Omar recounts how the refugee community was when he first arrived in Lebanon. “There was no structure to organise our communities,” he says. “Everyone managed the way they could, thinking we would not stay here for long. This wasn’t always good for the community as a whole.”
Life in an informal tented settlement
For many Syrian refugees in this tented settlement on the outskirts of the northern city of Tripoli, this has been their only home for years. There are few indications that they can return to Syria any time soon. The Norwegian Refugee Council (NRC) works in these informal settlements, helping the refugees here to identify and resolve community issues alongside the local Lebanese communities hosting them. Through our programmes, it’s the residents who are shaping the humanitarian assistance that affects their lives.
The community meeting where Omar is speaking has been called to resolve a number of issues that the settlement’s residents are facing. It takes place in a tent, reached by a simple path weaving its way through an olive grove. A group of barefoot children giggle from the doorway and tea brews on the stove while Omar talks. Outside, a dog pulls at a chain. Chickens cluck on the corrugated iron roof and large dishes of red peppers dry in the sun to make the Syrian specialty, mahkdous: aubergines stuffed with red peppers and walnuts.
An organic solution
With support from NRC’s Community Management and Coordination (CMC) programme, a committee was established and Omar was elected to be the community representative. Rolling prayer beads between his fingers, he explains how he met with the Lebanese host community to better understand their concerns, complaints and reactions. He also met with other organisations working in the tented settlements to gain support for his campaign.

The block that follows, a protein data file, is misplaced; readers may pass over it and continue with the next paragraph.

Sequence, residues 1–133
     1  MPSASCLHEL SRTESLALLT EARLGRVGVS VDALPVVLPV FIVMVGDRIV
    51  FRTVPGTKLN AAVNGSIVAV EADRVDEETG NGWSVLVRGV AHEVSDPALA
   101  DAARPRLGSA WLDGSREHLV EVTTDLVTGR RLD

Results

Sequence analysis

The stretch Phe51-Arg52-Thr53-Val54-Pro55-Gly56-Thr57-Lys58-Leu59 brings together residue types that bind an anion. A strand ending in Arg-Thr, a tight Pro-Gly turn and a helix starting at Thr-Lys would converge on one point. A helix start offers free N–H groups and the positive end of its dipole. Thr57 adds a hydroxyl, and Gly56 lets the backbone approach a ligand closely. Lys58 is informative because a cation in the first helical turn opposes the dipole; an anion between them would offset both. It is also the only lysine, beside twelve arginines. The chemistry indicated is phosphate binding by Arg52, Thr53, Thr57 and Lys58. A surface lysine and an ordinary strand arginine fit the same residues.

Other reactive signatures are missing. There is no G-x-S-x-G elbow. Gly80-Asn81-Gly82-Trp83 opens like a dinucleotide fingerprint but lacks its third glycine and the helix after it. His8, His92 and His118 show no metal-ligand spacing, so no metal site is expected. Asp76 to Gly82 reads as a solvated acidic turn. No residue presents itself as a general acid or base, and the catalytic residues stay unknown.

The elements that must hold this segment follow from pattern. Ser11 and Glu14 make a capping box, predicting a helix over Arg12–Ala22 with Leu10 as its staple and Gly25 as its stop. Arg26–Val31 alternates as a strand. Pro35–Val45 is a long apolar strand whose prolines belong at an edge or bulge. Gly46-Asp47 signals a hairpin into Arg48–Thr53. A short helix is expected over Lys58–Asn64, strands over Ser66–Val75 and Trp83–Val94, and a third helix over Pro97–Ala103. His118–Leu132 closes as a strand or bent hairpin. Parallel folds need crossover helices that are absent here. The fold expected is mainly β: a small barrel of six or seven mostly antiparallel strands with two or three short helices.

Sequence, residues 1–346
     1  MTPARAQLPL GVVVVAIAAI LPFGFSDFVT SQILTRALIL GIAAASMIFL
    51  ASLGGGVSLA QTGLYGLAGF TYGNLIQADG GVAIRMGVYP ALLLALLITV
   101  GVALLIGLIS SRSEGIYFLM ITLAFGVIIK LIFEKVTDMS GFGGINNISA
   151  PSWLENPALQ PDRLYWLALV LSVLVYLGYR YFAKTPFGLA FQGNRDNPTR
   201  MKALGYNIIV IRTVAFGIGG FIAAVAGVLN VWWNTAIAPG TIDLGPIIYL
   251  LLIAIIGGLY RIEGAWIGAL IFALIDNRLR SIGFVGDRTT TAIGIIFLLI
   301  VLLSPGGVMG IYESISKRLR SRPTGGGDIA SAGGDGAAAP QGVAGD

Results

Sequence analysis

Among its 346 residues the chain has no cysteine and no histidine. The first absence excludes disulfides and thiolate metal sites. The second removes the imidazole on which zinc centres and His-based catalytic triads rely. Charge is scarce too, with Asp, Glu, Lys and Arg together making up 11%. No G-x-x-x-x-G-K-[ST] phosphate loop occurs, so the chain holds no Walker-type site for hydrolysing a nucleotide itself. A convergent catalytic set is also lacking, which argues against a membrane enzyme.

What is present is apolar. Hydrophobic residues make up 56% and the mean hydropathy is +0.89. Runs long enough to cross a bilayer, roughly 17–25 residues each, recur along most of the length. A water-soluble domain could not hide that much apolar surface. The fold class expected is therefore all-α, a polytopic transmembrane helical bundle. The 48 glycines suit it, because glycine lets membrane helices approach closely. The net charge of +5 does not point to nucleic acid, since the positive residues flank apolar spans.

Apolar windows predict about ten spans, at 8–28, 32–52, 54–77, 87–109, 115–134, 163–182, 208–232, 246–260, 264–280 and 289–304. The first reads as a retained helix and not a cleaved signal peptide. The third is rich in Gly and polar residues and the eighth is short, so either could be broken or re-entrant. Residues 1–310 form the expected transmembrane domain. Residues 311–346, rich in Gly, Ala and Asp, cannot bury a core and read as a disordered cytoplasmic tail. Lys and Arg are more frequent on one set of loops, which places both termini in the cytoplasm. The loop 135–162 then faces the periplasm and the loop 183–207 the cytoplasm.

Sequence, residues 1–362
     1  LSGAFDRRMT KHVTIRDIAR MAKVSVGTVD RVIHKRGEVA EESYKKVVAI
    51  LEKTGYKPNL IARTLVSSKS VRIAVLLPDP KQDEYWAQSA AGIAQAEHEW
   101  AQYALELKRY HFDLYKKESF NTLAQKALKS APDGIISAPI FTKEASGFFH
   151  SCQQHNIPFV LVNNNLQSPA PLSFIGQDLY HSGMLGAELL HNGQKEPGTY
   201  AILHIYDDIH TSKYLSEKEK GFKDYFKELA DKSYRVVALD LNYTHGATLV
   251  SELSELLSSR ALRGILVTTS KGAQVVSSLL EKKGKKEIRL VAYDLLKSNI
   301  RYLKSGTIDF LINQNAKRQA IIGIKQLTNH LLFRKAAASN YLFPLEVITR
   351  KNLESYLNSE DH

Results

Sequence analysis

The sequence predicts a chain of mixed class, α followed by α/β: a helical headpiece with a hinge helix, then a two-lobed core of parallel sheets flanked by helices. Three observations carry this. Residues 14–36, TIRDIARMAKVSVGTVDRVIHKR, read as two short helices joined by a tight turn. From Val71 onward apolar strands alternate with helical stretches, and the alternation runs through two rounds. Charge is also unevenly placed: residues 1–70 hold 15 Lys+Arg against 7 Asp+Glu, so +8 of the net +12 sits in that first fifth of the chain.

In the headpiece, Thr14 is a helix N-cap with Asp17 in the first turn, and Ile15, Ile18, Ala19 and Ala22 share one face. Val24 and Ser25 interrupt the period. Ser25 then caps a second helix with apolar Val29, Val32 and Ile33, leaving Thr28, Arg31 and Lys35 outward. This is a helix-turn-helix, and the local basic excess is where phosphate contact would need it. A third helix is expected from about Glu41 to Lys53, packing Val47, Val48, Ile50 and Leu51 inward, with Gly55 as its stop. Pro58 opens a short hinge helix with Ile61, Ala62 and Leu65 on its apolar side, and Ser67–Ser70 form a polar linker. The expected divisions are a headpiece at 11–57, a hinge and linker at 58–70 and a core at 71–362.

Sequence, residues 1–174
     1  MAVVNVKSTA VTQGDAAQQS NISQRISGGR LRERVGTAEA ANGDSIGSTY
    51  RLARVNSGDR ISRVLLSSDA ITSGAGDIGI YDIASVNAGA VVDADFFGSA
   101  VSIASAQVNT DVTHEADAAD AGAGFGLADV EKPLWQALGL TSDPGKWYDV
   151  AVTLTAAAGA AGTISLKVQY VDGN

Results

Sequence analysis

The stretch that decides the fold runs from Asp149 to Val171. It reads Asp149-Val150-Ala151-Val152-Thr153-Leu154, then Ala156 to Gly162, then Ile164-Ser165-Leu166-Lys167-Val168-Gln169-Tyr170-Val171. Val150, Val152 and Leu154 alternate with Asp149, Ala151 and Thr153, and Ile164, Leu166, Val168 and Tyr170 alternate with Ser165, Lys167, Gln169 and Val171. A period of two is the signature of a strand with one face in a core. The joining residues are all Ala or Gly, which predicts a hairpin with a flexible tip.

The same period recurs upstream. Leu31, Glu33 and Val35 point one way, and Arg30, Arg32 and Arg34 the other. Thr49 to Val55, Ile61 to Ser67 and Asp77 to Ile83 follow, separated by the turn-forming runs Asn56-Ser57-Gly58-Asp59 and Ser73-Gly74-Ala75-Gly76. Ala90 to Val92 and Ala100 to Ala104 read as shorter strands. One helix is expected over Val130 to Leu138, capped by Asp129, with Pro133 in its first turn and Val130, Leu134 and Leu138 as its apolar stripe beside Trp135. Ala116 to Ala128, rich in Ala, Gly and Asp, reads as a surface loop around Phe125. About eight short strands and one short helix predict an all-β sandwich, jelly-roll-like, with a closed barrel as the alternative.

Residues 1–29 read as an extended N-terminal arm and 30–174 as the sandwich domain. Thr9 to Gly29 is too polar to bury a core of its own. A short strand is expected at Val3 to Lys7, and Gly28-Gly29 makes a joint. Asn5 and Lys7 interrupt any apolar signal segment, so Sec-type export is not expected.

Omar then discussed the problem with the refugees themselves and together they reached a solution. He went from tent to tent, collecting money from each family, and asked for volunteers to clean the riverbed. The volunteers were paid with the collected money.
“It was a simple solution with amazing results,” Omar explains humbly. “Together, we reduced the tensions with our neighbours and addressed a potential health hazard. The community united to address a shared problem.”
Evolving into a humanitarian response
Following discussions with other organisations – a key condition in our Community Management and Coordination approach – a coordinated response to support the refugee community was established. Solidarité International provided rubbish bags and gloves for the cleaning campaign. Another agency distributed waste collection barrels and, through a community support project funded by the UK Department for International Development (DFID), NRC provided a municipal waste collection truck to collect waste on a weekly basis.
The waste collection truck will increase the municipality’s capacity to collect solid waste in the village as well as in and around neighbouring informal tented settlements.
Nur Arab, NRC’s Community Management and Coordination project manager in northern Lebanon, explains how the project adds value to the humanitarian response. In short: it ensures a coordinated and integrated approach.
“The project makes it possible for community representatives and refugees to find solutions for problems that concern them,” she says.
And for those at the centre like Omar, seeking to bring the neighbours and community together only makes his negation and mediation skills grow stronger.
- The project in Tripoli aims to find solutions for both informal settlements and neighbourhoods affected by displacement.
- It also looks for needs and gaps, and might find people who need help though one of the other programmes that NRC is running.
- Our camp management teams work to coordinate and follow up on assistance and protection for these people.
- They also set up ways for the community to take part in decision-making and information sharing.